What do Bottega Venetta, Yves Saint Laurent, Valentino, and Chloe all have in common?
They all belong to fashion houses whose designers and couturiers are revered around the world. And they all continued to thrive despite the recent economic downturn.
Yes, even in the midst of recession, those who can still afford designer labels still spent huge amounts of money on them, even as the risk of financial ruin loomed more closely than ever before.
And for those who could not afford these labels, in their desire to be seen with signature brands, they have resorted to wearing imitation clothes.
Why do we try so hard to possess these labels? Why do people spend a fortune on them?
There is wisdom in the saying that you get what you pay for. Designer labels have their prestigious names on the line. Therefore, they bend over backwards to assure that such hard-earned names are associated with the best of quality.
Quality means that the fabric used in a paisley tie feels soft and silky when rubbed against the skin. Cheap imitations, on the other hand, are coarser. They also shrink or stretch and get deformed after several washes.
Designer labels often hand-sew their buttons and edges, and make sure they are there to stay. In mass produced imitations, buttons fall off easily. The uneven stitches in a paisley necktie reveal poor—and poorly paid—workmanship.
While designer labels may cost more than ordinary brands, their products remain looking and feeling like they were just recently bought from the boutique for a longer span of time. A lot of designer label products appear brand new even though years have passed since their purchase.
Chloe, which was founded by Gaby Aghion, has been around for half a century. Never will that house taint its name because of a defective or poor-quality product. With its reputation at stake, it will tirelessly search the ends of the earth for the highest quality fabric: The cotton must be sourced from organically grown plants. Wool must come from sheep raised from the highest peaks. Plastic must be of exceptional quality. Any recycled material, save for the packaging, is out of the question.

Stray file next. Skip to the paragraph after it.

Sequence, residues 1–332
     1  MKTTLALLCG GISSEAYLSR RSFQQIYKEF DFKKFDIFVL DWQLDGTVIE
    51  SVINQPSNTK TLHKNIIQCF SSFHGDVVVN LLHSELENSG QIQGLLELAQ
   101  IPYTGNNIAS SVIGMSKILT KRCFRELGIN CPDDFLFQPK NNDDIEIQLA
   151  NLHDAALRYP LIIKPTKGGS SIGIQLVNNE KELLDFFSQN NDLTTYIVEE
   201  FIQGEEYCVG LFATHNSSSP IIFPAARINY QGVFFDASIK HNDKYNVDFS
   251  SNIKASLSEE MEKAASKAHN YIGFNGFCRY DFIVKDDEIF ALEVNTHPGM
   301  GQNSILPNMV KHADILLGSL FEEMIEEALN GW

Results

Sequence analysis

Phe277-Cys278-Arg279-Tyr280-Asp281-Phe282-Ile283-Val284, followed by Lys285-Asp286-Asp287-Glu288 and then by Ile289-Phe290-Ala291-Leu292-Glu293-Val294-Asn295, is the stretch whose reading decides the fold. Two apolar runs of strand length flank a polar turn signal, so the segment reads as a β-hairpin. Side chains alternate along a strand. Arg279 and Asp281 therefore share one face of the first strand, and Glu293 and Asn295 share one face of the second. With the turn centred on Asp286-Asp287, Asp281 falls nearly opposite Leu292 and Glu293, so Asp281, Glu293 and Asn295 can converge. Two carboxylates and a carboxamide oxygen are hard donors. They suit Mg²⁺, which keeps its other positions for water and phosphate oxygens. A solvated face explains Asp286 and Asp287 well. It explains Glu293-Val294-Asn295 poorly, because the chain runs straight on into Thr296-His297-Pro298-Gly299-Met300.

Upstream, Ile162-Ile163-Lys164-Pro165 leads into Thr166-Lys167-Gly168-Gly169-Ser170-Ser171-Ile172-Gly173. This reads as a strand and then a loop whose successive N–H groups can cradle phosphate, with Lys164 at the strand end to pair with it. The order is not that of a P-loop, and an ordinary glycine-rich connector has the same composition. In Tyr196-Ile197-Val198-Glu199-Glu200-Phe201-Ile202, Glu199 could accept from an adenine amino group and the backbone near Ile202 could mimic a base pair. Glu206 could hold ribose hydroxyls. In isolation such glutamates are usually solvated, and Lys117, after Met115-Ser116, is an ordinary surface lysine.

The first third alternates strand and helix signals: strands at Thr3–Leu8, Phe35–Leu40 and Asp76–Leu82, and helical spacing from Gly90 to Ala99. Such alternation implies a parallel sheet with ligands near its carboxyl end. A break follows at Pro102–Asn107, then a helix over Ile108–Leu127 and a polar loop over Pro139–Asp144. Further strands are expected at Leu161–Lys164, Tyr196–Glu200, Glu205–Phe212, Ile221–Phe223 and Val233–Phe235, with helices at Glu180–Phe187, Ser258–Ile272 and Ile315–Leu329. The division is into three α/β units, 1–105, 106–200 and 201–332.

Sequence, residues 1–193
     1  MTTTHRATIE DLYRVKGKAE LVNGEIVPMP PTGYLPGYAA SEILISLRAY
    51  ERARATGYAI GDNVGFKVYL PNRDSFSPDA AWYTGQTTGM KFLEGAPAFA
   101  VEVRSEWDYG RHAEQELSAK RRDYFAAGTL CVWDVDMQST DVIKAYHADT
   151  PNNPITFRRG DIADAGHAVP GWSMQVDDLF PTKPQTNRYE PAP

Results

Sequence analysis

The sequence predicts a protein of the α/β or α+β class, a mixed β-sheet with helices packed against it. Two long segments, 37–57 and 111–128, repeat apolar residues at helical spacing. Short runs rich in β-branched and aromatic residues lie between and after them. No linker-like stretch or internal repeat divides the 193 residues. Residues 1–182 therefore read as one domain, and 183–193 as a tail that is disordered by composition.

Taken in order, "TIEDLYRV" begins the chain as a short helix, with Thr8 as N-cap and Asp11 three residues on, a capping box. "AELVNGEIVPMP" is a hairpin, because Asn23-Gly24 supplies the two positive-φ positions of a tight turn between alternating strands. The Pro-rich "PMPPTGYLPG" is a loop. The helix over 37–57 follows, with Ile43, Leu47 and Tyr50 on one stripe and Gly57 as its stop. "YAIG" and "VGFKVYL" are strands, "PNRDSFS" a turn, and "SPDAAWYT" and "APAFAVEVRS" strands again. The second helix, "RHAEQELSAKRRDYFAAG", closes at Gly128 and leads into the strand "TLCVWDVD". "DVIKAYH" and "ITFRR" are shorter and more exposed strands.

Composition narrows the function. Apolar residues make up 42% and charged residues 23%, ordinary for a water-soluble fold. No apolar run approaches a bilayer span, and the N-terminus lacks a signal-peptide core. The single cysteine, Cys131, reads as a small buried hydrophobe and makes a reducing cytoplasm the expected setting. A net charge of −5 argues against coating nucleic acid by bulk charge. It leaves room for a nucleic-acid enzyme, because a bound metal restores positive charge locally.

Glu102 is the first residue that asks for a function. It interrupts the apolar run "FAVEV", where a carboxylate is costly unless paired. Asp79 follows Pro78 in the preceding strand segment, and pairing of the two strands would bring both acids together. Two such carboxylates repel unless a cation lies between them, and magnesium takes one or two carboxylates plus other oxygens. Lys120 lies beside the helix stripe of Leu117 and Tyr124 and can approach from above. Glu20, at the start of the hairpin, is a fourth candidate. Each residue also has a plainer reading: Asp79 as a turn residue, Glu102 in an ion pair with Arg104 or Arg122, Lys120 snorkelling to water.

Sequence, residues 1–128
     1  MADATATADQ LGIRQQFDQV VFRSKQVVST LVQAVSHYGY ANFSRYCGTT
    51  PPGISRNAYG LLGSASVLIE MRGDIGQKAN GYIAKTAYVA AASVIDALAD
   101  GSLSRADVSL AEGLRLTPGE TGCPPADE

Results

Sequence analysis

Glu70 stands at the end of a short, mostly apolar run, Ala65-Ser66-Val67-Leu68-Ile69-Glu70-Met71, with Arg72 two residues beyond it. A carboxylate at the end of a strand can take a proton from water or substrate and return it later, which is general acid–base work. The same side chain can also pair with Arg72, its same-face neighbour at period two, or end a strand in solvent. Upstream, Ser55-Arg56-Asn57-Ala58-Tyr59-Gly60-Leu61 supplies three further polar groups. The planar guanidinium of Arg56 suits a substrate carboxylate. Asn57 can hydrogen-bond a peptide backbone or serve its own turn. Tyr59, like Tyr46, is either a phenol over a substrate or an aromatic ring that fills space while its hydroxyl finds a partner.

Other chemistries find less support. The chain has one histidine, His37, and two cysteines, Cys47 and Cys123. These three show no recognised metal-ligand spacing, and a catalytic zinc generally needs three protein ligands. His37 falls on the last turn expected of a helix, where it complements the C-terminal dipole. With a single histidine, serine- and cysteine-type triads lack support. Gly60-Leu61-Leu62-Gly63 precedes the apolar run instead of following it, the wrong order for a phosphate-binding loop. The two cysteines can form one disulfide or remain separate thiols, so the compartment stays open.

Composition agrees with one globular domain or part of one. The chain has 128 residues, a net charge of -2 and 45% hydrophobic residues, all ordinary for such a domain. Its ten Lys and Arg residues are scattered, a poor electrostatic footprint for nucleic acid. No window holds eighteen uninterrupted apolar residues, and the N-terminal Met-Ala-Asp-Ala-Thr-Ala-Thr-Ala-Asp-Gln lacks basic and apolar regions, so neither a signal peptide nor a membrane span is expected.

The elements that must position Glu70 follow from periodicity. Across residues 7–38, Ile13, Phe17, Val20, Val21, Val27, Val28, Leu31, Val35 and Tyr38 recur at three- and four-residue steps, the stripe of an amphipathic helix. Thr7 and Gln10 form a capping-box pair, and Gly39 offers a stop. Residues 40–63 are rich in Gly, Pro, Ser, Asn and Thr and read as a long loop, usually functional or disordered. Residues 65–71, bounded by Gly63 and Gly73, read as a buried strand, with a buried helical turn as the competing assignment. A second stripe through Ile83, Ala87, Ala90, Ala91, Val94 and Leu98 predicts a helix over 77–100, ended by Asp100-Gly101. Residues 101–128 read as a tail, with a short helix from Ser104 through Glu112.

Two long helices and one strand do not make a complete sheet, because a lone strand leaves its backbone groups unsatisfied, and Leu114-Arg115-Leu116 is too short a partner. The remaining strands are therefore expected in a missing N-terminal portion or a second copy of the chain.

The mark of a true craftsman is in the consistency of his creation. A polka dot tie from Yves Saint Laurent will always have the same brightness of colors, the same cut, the same texture of fabric no matter the number of ties produced—which is, incidentally, very, very few.
The materials that come into making a black silk tie remain unchanged even when the fashion house is acquired by another designer or when there is a change in the suppliers of raw materials. The backstage production may be different, so to speak, but the final product must, and does, remain the same.
Uniqueness and Rarity
What makes a Bottega Venetta Black silk tie so expensive? For one, its numbers are very few. The wearer of such a tie is practically assured that no one else will be wearing the exact same silk tie at a business function or a cocktail party.
Fashion houses employ highly prized artists to create new designs for their label. These celebrated talents, renowned all over the industry, are expected to be trendsetters. Their products must be cutting edge. They were born to dress the gods.
Notice that the gods, despite the limited color of their wardrobe (white) and a very limited type (toga), never wore the same designs as the other gods. Each white toga was unique.
So, too, must these designer ties and suits be unique. And they are—at a price.
Indeed, clothes have come a long way from simply being a protective covering to becoming a status symbol that separates the high and mighty from the mere mortals. As time goes by, clothes have served as a symbol of authority and power.
And as more people gain access to new tastes and experiences, clothes rise in importance not only to dress one’s nakedness but to be a work of art proudly worn by its owner.
This article was brought to you by: Gentlemanjoe.com